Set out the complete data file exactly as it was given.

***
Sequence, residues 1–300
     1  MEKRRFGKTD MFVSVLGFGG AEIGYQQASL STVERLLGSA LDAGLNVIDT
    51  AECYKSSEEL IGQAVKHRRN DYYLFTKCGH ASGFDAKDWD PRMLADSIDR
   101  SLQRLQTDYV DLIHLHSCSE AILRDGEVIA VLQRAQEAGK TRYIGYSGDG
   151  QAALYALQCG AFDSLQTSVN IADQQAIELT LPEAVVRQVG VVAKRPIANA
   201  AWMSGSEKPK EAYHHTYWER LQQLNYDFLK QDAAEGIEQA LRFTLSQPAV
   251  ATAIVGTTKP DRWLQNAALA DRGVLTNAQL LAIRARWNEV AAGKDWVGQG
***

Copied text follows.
Sequence, residues 1–300
     1  MEKRRFGKTD MFVSVLGFGG AEIGYQQASL STVERLLGSA LDAGLNVIDT
    51  AECYKSSEEL IGQAVKHRRN DYYLFTKCGH ASGFDAKDWD PRMLADSIDR
   101  SLQRLQTDYV DLIHLHSCSE AILRDGEVIA VLQRAQEAGK TRYIGYSGDG
   151  QAALYALQCG AFDSLQTSVN IADQQAIELT LPEAVVRQVG VVAKRPIANA
   201  AWMSGSEKPK EAYHHTYWER LQQLNYDFLK QDAAEGIEQA LRFTLSQPAV
   251  ATAIVGTTKP DRWLQNAALA DRGVLTNAQL LAIRARWNEV AAGKDWVGQG